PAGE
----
The consultation also pointed out the environmental risk. “We have to define our standards regarding responsible mining,” MEP Hildegard Bentele, the EPP rapporteur for the resolution adopted on CRMs by the European deputies in 2021, tells The Parliament. “Because a mine is always an intervention into nature. We should not be blurry about it.” Rather than “green” or “sustainable”, Bentele hopes for “responsible” mines: the impact on the environment will never be zero, but it is necessary to do everything in our power to minimise it.
The idea that a mine can be “responsible” is put forward by the French authorities and the companies which have recently announced lithium projects in several parts of the country. France, where mines are still taboo, has high ambitions for the production of this new “white gold” necessary for the batteries of future electric cars.
A boom in demand is expected after the ban on fossil fuel cars comes into force in 2035. In the Massif Central, in the centre of France, the French company Imerys has announced a vein capable of producing 34,000 tonnes of lithium hydroxide per year, which translates into 700,000 batteries for future electric cars. It plans to start extracting in 2028.
In the Rhine basin, between France and Germany, several projects aim to extract lithium using geothermal technologies: hot salty water is pumped to the surface, from which operators extract the precious metal before reinjecting the water into the earth. The Australian company Vulcan Energy hopes to produce 50,000 tonnes of lithium hydroxide annually starting in 2027. In the same area, some French companies have also successfully passed their first tests of lithium extraction from geothermal brines.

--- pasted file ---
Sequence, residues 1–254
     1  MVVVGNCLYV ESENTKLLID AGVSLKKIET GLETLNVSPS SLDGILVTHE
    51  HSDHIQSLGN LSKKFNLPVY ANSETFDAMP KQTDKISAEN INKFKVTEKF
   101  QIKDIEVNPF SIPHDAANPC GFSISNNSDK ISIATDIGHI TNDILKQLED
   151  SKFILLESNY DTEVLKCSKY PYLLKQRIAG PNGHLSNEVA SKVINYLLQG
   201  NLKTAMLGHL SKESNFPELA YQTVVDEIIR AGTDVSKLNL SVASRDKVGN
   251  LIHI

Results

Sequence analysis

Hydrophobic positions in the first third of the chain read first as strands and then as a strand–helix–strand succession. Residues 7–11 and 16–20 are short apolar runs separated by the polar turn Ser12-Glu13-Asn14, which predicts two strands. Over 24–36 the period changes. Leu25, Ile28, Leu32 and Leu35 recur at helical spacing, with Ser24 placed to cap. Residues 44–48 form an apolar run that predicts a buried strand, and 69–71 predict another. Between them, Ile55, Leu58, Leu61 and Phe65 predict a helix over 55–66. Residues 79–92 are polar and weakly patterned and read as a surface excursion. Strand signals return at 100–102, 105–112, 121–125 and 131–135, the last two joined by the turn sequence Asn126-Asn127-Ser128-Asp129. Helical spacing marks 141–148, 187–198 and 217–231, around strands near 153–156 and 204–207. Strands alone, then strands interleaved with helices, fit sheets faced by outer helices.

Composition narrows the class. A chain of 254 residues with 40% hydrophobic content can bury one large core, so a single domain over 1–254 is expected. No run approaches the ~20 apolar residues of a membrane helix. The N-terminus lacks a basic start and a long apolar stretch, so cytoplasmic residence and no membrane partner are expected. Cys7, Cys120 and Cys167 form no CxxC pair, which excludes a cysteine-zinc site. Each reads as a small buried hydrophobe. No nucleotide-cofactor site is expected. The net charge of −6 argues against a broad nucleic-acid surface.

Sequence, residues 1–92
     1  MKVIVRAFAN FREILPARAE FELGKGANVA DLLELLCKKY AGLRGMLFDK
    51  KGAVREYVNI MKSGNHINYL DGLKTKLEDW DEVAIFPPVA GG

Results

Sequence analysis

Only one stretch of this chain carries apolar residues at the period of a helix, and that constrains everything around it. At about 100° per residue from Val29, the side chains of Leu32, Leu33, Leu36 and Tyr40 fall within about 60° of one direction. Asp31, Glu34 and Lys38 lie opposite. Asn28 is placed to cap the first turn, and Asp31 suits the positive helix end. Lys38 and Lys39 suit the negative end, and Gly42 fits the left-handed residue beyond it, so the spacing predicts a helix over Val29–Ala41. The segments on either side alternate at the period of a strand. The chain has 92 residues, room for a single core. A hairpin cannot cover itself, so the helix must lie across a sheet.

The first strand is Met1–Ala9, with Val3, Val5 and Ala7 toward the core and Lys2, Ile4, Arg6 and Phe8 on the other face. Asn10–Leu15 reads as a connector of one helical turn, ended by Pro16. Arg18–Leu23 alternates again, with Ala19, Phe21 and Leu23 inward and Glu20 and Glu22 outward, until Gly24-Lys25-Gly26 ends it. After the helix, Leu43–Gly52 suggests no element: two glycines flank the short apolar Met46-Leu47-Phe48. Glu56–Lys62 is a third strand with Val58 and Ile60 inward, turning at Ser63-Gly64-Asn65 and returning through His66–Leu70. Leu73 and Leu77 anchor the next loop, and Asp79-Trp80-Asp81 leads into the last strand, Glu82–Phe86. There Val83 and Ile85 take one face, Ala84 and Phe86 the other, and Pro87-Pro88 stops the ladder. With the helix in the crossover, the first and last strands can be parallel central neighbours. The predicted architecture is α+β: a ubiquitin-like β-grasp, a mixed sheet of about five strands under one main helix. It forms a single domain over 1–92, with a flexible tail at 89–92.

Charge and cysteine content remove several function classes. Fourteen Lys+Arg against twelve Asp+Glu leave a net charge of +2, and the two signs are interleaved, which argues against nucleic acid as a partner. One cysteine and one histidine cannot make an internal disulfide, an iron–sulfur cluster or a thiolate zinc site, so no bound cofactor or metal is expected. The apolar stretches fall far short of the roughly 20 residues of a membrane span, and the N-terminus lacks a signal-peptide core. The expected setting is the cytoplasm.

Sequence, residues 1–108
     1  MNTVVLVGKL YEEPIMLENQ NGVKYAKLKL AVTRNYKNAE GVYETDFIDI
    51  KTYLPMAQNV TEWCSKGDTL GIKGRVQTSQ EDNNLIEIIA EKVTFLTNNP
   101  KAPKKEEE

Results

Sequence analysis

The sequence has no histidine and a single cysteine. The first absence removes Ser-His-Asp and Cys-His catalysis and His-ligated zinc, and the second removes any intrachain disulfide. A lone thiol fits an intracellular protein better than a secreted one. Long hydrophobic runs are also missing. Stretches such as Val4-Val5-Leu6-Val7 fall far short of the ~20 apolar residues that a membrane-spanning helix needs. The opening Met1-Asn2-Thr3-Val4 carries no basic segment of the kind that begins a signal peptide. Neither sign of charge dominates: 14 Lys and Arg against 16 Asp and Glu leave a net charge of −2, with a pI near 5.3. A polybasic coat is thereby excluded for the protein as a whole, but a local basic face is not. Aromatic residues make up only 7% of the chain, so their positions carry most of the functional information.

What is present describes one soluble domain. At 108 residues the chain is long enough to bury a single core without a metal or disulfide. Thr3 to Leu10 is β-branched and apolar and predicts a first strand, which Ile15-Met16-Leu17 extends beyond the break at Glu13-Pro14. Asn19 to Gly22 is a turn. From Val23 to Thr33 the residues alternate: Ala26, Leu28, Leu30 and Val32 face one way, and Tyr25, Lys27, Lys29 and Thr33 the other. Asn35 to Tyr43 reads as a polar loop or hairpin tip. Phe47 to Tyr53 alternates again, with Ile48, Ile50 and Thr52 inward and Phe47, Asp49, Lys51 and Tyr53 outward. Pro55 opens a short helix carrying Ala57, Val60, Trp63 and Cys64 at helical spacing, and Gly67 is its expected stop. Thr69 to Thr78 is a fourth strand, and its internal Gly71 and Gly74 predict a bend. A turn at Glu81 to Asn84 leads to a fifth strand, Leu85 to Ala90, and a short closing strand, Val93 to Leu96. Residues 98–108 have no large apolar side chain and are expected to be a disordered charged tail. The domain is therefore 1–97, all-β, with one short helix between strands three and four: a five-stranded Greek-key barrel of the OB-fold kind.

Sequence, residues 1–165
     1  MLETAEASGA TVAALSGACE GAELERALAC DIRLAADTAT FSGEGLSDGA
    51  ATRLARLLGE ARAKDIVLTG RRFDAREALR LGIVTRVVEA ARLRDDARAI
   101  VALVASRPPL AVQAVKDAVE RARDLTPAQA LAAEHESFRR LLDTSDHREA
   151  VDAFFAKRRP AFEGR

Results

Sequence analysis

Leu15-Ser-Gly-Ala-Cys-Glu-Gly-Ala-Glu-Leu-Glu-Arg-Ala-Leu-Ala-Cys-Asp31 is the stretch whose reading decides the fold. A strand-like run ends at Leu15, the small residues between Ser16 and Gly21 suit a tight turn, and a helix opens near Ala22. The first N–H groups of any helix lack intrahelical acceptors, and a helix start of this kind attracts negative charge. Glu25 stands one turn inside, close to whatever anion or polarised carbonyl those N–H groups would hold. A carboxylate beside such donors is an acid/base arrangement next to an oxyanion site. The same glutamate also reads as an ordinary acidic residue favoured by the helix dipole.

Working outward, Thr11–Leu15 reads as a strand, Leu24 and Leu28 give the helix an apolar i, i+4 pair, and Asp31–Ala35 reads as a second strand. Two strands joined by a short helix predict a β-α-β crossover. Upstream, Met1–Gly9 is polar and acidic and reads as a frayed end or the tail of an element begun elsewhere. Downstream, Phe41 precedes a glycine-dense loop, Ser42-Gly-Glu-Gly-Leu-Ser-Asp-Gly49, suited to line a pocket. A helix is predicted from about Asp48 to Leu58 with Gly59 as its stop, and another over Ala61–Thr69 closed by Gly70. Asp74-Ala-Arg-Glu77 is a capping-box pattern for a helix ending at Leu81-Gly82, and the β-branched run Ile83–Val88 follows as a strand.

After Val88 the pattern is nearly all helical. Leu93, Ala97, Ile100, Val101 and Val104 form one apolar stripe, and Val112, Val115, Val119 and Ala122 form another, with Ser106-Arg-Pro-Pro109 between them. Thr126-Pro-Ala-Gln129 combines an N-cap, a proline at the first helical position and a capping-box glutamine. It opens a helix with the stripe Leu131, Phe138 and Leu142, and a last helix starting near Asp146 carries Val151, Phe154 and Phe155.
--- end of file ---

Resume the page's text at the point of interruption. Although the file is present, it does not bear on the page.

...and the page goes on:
The zone could supply up to 30 per cent of Europe’s lithium needs. Not bad, considering Thierry Breton, the EU’s Commissioner for the Internal Market, has set the ambitious target of being “almost self-sufficient in lithium for our batteries by 2025”. But what is going to be the environmental impact of those mines?
Thierry Breton, the EU’s Commissioner for the Internal Market, has set the ambitious target of being “almost self-sufficient in lithium for our batteries by 2025”
In the Massif Central, even if the mine is underground, the industrial operator will still have to pump water to be able to work. And if it uses hydro-metallurgical separation techniques to extract lithium, large quantities of water will be required. The enterprise promises to recycle water, but with scant details on how often and how much.
At the Franco-German border, geothermal technologies also raise eyebrows among the locals. People are afraid of seismic tremors caused by the stress generated underground. Others wonder whether they may be affected by the high level of radioactivity concentrated a few kilometres away underneath their feet.